Hand-drawn Plausible Fictitious Maps,
by David Nuttall, Artimaps.
Maps to me are snapshots of time. They are a small piece of the history of a place represented in a way that clearly shows the current stage of growth and yet hinting at the past and future. I think of my fictional maps in the same way, as they are drawn from my imagination, but in the “present day”, so a snapshot in time of my fictional places.
I have always loved maps and have been drawing fictional maps since I was five. They have evolved into very detailed and realistic work. I am lucky to still have some of my earliest maps, from age of 8 onward. I was trained by the British Government as a Cartographic Draughtsman and have worked with professionally with maps, and GIS (Geographic Information Systems) ever since. I perform consulting work with 911 mapping, helping municipalities ensure their emergency service maps are as up to date and legible as possible. Throughout my career I have continued to create my fictitious maps, but did not consider my maps as art for many years.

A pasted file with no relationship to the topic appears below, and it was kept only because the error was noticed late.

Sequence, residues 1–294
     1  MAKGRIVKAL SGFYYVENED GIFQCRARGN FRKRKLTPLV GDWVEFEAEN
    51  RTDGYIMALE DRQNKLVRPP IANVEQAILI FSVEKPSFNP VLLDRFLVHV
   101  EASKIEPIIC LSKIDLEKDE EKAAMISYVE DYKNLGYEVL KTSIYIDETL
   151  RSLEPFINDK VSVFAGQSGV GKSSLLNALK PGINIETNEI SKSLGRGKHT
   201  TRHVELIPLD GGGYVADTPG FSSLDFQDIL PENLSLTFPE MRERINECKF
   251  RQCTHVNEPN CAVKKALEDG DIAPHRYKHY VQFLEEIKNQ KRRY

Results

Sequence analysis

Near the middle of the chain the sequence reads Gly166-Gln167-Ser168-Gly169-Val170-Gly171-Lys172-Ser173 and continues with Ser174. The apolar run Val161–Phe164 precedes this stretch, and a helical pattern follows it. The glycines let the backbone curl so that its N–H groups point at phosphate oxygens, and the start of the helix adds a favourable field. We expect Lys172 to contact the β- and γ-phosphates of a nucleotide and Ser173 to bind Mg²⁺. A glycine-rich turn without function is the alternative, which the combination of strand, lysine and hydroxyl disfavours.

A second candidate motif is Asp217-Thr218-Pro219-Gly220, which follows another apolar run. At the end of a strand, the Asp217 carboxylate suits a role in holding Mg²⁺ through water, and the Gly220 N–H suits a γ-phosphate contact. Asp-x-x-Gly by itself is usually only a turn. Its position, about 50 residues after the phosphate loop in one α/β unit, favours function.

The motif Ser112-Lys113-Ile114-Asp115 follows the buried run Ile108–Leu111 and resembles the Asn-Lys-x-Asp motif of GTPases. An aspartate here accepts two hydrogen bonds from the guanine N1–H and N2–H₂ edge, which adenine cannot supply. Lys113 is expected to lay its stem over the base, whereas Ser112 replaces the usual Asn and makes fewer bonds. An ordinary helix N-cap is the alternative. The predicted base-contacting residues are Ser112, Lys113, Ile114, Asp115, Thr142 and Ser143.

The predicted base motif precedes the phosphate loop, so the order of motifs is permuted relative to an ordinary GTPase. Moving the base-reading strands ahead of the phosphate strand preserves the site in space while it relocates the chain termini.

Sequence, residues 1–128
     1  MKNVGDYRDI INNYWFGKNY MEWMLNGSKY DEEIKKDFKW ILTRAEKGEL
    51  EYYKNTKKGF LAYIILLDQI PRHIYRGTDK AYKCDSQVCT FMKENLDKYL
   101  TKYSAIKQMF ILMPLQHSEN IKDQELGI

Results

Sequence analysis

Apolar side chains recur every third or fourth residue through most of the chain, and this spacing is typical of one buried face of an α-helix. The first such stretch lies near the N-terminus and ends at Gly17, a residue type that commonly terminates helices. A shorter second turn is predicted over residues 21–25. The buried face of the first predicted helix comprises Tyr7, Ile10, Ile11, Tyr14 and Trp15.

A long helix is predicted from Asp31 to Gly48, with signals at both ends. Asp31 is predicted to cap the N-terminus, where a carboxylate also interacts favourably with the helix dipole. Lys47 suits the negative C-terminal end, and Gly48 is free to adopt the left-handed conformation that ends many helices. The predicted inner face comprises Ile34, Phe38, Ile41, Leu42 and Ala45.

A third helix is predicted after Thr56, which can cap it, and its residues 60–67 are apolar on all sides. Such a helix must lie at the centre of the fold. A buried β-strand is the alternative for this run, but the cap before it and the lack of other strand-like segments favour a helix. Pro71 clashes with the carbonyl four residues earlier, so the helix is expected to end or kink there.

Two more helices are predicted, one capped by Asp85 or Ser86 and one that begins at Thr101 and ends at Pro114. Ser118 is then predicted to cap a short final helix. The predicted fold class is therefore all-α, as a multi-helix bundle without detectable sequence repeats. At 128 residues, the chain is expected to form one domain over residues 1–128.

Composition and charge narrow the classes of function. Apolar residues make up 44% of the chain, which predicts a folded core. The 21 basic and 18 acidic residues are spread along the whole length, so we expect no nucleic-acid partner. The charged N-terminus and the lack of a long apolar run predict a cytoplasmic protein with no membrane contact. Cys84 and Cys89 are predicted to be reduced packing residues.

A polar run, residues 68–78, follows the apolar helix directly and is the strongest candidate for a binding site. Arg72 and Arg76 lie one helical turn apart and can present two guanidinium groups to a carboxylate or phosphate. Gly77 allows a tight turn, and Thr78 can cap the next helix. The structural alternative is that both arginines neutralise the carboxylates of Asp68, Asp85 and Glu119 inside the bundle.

The Human Terrain maps in the exhibition are just one series of hand-drawn maps that I create. I create realistic places after researching several aspects about real locations, such as the terrain, culture, architecture, history, highway layouts, public transport, building size and density and language. All of this is then set aside and I draw the maps on-the-fly without specific planning or sketches. These maps are on paper (including photographs of terrain-like texture), board, wood, canvas and skin. I create in layers, starting with rivers and terrain and then adding the man-made aspects. The Human Terrain maps evolved from other maps I draw on birch wood, using the grain of the wood as the contours, as these looked somewhat like skin tone. I use Prismacolor pens and colored pencils on paper, board and wood and acrylic pens on canvas, for murals and on skin. I use the natural shape of the body as the terrain and incorporate aspects of the customers life into the art, trying to ensure the features look natural where they are placed, for example making sure rail lines do not have too steep a slope. The work is temporary but I take hundreds of photographs to capture different views and poses.
Originally from Aberfan in South Wales, David has lived in Addlestone, Windsor and Datchet in southern England. Since 1996, David has lived in Huntsville Alabama where he has a working studio in Lowe Mill Arts and Entertainment.
David’s Website: https://www.artimaps.com/